Convicted killer refused bail after alleged breach of parole in Canberra

Convicted killer refused bail after alleged breach of parole in Canberra

A man jailed after killing a drug dealer with a baseball bat during a psychotic episode has been refused bail over a breach of parole.

Matthew Gagalowicz, 32, said he wasn't trying to "play the sympathy card" when explaining a heart condition that caused him to faint six times a day, and which would shorten his life.

He blamed the breach on the condition, but the court heard a doctor had concerns he was using it to avoid obligations.

Gagalowicz had been a user of amphetamines and was convicted of manslaughter 11 years ago in NSW, after crushing a man's skull with a baseball bat before decapitating him, cutting up the body and burying it in his backyard.

He has been on parole for seven years, and is living in Canberra.


He was arrested this week after allegedly missing a third hearing with the Sentence Administration Board within a few months.

Applying for bail on Wednesday, Gagalowicz said he suffered a heart condition that caused him to faint when he stood up.

He said he was often admitted to hospital for injuries after falling, and this was why he had missed the board hearings.

Lifting his pant leg to show the magistrate an injury he said had required stitches on Tuesday, Gagalowicz said treatment had prevented him from making the latest hearing.

He asked if hospital staff "thought I was malingering" about the condition generally, why would they admit him.

A parole officer told the court a doctor at Canberra Hospital had made an unsolicited call to the board, and said she believed he was using the condition to avoid his responsibilities.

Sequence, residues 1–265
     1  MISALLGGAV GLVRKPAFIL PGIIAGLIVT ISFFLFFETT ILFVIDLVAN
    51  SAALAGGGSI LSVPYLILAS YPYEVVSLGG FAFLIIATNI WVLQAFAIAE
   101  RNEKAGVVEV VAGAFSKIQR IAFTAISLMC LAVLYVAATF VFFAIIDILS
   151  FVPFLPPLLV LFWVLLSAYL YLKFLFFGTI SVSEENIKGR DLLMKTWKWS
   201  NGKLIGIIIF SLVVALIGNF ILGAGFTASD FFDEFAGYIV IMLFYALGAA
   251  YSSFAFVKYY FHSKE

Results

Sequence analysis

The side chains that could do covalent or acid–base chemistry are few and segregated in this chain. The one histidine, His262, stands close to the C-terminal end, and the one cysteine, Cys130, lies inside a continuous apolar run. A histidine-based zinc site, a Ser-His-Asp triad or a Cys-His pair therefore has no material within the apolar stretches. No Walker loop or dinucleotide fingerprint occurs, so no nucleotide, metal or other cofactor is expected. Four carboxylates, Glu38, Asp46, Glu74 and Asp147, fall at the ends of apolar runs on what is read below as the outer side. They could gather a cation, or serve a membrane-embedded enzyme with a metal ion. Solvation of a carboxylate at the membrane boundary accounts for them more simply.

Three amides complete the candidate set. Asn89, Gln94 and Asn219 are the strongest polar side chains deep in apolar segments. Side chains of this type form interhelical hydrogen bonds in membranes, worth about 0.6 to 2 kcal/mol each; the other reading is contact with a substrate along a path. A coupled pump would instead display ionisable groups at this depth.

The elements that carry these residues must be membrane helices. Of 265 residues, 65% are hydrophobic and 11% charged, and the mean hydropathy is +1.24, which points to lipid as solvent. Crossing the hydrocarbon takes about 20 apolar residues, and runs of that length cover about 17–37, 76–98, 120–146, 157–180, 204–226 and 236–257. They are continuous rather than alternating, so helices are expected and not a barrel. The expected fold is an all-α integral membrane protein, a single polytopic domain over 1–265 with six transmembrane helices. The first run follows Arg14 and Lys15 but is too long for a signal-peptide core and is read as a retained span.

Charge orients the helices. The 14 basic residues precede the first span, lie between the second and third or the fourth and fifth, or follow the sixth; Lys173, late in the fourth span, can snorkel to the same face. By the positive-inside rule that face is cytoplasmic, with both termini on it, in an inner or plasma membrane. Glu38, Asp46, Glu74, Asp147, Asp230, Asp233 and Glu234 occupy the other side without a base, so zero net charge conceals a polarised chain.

His condition could be managed in the AMC, the officer said.

She said while Gagalowicz was normally polite and respectful, he had become verbally aggressive towards staff, including herself, and especially when talking about his obligations.

He apologised for swearing at hospital staff but said he felt he had been treated unfairly and unprofessionally.

Gagalowicz told the court the doctor who had made the phone call was an orthopaedist, and not his treating cardiologist.

The prosecution opposed Gagalowicz's release.

Prosecutor Anthony Williamson said Gagalowicz had been taking regulated narcotics such as codeine, changed his phone number without telling corrective services and refused drug testing.

Magistrate Beth Campbell on Wednesday refused him bail.

He will appear at the Sentence Administration Board next week.

Alexandra Back is a reporter with The Canberra Times